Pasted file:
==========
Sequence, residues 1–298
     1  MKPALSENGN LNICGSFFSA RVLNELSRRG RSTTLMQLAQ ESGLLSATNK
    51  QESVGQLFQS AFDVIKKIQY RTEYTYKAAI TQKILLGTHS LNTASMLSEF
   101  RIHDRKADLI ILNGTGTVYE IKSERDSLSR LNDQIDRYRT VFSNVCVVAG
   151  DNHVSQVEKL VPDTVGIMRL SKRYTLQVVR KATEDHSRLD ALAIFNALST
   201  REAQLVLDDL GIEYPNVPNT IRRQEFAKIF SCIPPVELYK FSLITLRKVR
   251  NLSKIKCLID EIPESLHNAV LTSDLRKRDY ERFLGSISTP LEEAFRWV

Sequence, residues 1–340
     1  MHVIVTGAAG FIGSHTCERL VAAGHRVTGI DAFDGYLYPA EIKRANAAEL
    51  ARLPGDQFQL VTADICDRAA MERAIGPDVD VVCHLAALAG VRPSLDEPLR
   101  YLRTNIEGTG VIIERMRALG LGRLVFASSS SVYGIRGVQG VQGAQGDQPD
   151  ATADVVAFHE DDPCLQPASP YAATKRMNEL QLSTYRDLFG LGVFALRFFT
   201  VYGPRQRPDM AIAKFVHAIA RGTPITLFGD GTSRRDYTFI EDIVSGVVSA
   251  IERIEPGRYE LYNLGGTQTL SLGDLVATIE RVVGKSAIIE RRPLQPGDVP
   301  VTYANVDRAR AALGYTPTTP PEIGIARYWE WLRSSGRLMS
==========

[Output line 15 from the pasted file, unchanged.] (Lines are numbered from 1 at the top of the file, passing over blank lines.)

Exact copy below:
   301  VTYANVDRAR AALGYTPTTP PEIGIARYWE WLRSSGRLMS